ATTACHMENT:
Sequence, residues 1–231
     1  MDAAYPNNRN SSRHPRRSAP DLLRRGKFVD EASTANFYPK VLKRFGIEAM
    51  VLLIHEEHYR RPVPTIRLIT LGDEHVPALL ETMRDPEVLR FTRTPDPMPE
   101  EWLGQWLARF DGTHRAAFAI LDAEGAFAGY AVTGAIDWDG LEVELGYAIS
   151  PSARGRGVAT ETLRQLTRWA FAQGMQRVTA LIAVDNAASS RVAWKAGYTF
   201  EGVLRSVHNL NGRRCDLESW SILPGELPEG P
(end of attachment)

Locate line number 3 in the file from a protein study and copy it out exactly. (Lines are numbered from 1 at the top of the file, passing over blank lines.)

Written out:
    51  VLLIHEEHYR RPVPTIRLIT LGDEHVPALL ETMRDPEVLR FTRTPDPMPE